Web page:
Library Esports Programs Keep Kids Connected

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While most libraries have closed to help slow the spread of COVID-19, their staff are still working hard to share online resources and programs with their communities while maintaining social distancing. Tyler Hahn, a Youth and Special Services Librarian at Iowa’s Cherokee Public Library, may not be able to host gatherings in person, but he’s still bringing local kids together virtually through a popular digital pastime: esports.

Esports—a form of organized video game competition, often played in teams—have taken the gaming world by storm. Libraries are a natural place for youth interested in technology to spend time, especially in rural communities like Cherokee, where many households lack high-speed internet access; Tyler has long welcomed library users’ interest in esports, treating the medium as a valuable opportunity for students to develop their creativity, social skills, and even college and career readiness. By joining the library’s esports team, kids learn how to work together and solve complex problems, all through the lens of an activity they’re deeply personally invested in. “Esports at the library offers this sort of opportunity for social emotional learning and growth,” Tyler told I Love Libraries. “It allows youth to connect their interests in games into other areas of the tangible world, whether it be a particular field of study, a career, or even a new hobby.”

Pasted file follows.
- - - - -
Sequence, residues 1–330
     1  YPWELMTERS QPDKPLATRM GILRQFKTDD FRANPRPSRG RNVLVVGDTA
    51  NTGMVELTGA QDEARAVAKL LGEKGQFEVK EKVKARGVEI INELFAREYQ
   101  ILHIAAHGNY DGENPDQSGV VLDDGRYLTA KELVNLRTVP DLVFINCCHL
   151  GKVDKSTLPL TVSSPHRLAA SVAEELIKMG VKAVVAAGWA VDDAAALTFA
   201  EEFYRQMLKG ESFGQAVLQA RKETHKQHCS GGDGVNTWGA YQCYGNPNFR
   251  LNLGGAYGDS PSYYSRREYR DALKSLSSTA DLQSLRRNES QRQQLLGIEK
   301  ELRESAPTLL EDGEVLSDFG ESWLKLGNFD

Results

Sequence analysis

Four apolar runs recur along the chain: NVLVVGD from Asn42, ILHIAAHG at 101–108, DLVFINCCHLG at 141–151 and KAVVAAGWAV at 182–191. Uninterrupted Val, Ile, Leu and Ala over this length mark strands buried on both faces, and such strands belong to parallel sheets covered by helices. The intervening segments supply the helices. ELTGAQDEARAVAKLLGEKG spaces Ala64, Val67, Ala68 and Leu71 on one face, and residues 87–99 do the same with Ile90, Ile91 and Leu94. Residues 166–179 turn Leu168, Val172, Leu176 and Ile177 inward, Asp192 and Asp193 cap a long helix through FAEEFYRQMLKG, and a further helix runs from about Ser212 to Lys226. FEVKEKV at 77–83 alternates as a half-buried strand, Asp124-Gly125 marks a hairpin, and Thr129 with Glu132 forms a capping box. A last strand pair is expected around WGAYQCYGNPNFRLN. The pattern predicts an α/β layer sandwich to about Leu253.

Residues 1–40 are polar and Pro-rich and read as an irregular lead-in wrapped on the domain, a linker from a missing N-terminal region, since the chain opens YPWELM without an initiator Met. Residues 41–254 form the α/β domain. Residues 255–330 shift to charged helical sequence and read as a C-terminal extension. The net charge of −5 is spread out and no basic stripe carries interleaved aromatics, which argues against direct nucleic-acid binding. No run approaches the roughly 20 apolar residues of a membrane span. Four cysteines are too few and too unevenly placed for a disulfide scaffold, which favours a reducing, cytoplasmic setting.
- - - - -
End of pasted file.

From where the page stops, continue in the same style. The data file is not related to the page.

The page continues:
Since the onset of the COVID-19 pandemic, Cherokee Public Library’s esports players have stayed in touch virtually. Tyler has kept the team busy with at-home STEAM challenges like developing their own victory dance on FlipGrid, creating 3D models in TinkerCAD, and writing code in Scratch. The group has also been using their diverse interests and talents to create fun content for the larger library community. One tech-savvy student has been creating videos to encourage their peers to get involved with coding at the library; a young artist on the team has been creating coloring sheets for the community to download and enjoy for free, and an avid writer is crafting YA and tween stories for local readers. “The community loves seeing what is being created and seeing their kids and grandkids creating content and having an outlet to show off their skills,” Tyler says.

Looking ahead, Tyler hopes to continue building on the success of these esports efforts, including incorporating gaming into the library’s summer reading program to encourage and empower reluctant readers. This way, kids can advance their education and literacy skills, all while enjoying themselves at the library.

For more inspiring stories about America’s libraries, subscribe to the I Love Libraries newsletter. For free help bringing esports to your local library, talk to the non-profit NASEF